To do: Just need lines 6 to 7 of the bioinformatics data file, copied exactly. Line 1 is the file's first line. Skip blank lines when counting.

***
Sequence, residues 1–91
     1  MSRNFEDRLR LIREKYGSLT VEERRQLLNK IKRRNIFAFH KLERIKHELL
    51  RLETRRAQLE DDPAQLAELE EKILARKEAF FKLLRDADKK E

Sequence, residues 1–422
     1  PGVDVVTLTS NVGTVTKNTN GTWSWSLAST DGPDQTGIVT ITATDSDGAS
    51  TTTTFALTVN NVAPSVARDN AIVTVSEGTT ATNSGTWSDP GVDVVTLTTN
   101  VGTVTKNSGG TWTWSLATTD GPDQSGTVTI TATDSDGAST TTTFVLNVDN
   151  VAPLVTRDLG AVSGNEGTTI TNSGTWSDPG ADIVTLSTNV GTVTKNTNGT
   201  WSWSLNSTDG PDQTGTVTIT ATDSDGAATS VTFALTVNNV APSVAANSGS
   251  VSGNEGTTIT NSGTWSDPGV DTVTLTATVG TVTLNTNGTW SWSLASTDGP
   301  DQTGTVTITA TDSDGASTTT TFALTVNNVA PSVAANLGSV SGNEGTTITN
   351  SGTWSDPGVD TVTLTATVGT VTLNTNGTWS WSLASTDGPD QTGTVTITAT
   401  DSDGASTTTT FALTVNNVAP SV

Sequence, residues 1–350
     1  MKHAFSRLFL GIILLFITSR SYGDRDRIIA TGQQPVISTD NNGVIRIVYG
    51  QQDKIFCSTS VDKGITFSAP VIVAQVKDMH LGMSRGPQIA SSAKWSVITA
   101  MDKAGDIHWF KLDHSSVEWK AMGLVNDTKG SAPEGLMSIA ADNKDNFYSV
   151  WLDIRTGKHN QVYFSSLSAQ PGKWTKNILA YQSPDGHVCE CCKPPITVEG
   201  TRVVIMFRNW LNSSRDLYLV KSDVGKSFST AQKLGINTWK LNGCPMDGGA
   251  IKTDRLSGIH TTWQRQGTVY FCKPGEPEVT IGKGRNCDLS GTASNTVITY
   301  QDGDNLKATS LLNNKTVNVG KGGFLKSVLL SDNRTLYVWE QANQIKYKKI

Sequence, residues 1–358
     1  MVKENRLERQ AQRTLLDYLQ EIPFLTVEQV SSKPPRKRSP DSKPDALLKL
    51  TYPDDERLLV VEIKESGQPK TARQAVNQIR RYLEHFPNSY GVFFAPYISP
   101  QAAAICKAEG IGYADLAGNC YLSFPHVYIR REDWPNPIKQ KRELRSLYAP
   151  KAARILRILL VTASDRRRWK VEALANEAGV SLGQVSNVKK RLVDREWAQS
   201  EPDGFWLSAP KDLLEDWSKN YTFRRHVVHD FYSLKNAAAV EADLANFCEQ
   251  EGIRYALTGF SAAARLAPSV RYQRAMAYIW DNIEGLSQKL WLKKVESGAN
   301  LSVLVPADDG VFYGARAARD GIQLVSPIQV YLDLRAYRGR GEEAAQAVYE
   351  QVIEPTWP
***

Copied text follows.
    51  TTTTFALTVN NVAPSVARDN AIVTVSEGTT ATNSGTWSDP GVDVVTLTTN
   101  VGTVTKNSGG TWTWSLATTD GPDQSGTVTI TATDSDGAST TTTFVLNVDN